Prestige? Try year long shame…possible eternal shame. Regulations don't matter when humans don't have the capability of living 250km from the stricken plant.


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  • Whoopie Whoopie

    #Fukushima: 4/30/2012 and CYBER HARASSMENT | Fukushima Diary: http://bit.ly/IpXiuu


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    • Whoopie Whoopie

      ↓ and they removed this picture of the man who died of nuclear accident. but it can’t be the reason of security check. When they remove a picture, they just remove it without a security check. and this picture was uploaded one year ago. Someone must have reported it to shut me up.


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  • dosdos dosdos

    Stem cells are very vulnerable to radiation. In adult DNA, damaged cells are removed by the immune system and regrow healthy in the vast majority of cases. But in germ and stem cells, there is no replacement, the damaged cells replicate more damaged cells without replacement by healthy cells. Those 2.5% deemed healthy are probably not as healthy as they seems.


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    • We Not They Finally

      This is just common sense, especially to anyone who cares. But the statistic itself is horrific. It means that as radiation spreads unchecked, how many people can bear healthy children at all?


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  • arclight arclight

    "Some say that nuclear power benefits the economy," said Atsuo Nakamura, another P.E.N. Club board member. "That may be a joke in the opposite sense."

    The names of more than 100 abandoned villages, which remain uninhabitable to this day, are engraved on a monument in a park 17 km from the nuclear plant.

    "It has been demonstrated that it is impossible to decontaminate vast forested areas," Nakamura said. "And Japan is a country of forests and mountains."

    the truth will out!!

    Young Mothers' Reasons for Not Leaving Fukushima: "Scared of Leaving, Scared of Remaining"

    https://www.youtube.com/watch?v=6CQLaRyp3y0

    1985 – Peter Willcox on the sinking of the Rainbow Warrior

    http://www.youtube.com/watch?v=HGul9GxkhAI&list=PLE6C4CB24D5A4E19C&index=44&feature=plpp_video

    lest we forget!!


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  • SteveMT

    The Japanese are apparently interested in Chernobyl's decontamination procedures, which were ineffective and now all abandoned. Have they learned enough yet?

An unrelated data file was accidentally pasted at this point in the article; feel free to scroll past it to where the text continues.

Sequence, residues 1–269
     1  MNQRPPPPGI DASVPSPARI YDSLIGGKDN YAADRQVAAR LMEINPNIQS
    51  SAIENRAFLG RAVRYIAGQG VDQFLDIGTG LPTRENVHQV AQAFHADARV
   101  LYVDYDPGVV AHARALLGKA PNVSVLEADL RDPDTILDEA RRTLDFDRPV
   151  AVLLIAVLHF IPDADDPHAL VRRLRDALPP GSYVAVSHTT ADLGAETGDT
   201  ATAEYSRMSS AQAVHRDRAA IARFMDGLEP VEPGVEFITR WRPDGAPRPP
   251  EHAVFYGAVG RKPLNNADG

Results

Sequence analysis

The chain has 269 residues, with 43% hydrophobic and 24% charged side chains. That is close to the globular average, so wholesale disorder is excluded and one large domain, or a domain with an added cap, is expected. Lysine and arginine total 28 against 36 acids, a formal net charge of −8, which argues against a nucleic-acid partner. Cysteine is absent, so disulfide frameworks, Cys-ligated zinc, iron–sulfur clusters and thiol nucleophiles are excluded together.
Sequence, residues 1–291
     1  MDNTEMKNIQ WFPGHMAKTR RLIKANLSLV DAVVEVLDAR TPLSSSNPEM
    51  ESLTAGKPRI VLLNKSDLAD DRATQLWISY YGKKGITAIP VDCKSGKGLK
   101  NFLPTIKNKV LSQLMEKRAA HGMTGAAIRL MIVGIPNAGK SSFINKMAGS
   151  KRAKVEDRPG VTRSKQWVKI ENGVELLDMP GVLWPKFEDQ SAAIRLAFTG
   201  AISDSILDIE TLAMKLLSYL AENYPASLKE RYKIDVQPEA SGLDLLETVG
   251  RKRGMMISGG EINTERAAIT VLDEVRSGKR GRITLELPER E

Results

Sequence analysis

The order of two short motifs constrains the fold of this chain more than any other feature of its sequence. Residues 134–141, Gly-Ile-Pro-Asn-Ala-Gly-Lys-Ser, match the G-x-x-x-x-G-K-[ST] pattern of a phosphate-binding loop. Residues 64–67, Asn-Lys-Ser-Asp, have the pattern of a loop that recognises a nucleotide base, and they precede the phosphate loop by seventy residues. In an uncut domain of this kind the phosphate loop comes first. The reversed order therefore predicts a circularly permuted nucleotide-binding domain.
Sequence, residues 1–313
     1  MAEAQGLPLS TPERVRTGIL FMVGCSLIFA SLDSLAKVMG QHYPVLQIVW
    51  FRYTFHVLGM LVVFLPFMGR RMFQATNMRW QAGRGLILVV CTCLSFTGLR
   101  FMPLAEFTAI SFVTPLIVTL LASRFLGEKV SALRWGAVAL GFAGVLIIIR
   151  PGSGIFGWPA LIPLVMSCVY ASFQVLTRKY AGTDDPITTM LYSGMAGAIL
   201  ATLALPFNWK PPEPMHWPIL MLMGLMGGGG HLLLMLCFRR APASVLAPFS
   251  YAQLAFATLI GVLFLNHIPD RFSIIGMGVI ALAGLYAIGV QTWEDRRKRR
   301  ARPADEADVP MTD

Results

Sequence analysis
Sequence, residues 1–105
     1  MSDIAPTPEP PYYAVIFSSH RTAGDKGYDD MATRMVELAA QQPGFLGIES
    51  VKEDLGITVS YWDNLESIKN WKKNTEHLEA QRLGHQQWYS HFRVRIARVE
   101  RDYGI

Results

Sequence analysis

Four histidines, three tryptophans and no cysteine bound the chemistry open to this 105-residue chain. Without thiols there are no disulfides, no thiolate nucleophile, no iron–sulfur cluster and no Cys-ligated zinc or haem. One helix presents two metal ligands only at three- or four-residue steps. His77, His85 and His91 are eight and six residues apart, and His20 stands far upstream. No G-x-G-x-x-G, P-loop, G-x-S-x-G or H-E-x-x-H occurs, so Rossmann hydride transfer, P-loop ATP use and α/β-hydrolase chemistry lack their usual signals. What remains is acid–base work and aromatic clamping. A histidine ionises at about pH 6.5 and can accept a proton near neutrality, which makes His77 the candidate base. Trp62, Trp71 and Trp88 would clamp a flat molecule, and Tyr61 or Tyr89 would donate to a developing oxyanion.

With clean-up around Chernobyl abandoned, what can Japan learn from 1986 disaster?

    CHERNOBYL, Ukraine — April 26 will mark the 26th anniversary of the worst case of nuclear contamination in history: the 1986 Chernobyl disaster. Since the meltdowns at the Fukushima No. 1 nuclear plant in March last year, the Japanese government has shown interest in decontamination and other projects around Chernobyl as a reference point for efforts to deal with its own nuclear disaster.

    However in northern Ukraine, where the radioactive husk of the former Soviet power station lies, large-scale decontamination work has been abandoned as largely ineffective, and disaster refugees are no closer to going home.

    http://mainichi.jp/english/english/newsselect/news/20120425p2a00m0na014000c.html


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    • We Not They Finally

      Chernobyl was immensing damaging. But at least they TRIED to contain it early on. In Japan, they have not figured out even that much. It's unabated, and there are SIX HUGE reactors there as opposed to ONE smaller one at Chernobyl. And the fuel at Fukushima had an immense amount MORE of plutonium than that at Chernobyl. All the Japanese seem to want to figure out is how to cover up mass criminal genocide.


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  • BreadAndButter BreadAndButter

    "Be it in science and technology or in medicine, Japan’s prestige is in danger of falling to the ground. It’s a very crucial moment for us.”

    Prestige my ass. Something else is in danger of falling to the ground, it's called spent fuel pool #4.


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  • Myme

    May 5 is the Children’s Day in Japan. I feel deep sadness, knowing how little has been done to protect the children, while the country is about to celebrate the national holiday in devoid of real actions.

    Worse, school kids are often used like a pawn to prove adults’ egos and promote politics. There are school districts that forced kids to play sport in school yard, clean outdoor swimming pools, eat school lunches serving contaminated Fukushima food – all to prove to the world that things are back to normal in Japan.

    This may sound a little strange, but I have this protest action of mine: If we truly care about Japanese children, all of us adults around the world should refuse to visit Japan for now, be it for academic conferences, business meetings, pleasure, etc.

    The Japanese are now using the statistics of foreign visitors as a reasoning to justify their refusal to acknowledge the seriousness of Fukushima. They say, “See, all these foreign visitors are here, so there is no need to concern about radiation and Fuku safety, we are back to business as usual, no need to evacuate children, no need to take extra care for babies and women…”

    In fact, that is exactly what the conference chairs in Japan emailed to our office lately. Our colleagues in EU also report they’re getting awfully a lot of academic invitations from Japan with a similar line of reasoning. If you know of anyone planning to go to Japan, please talk to them.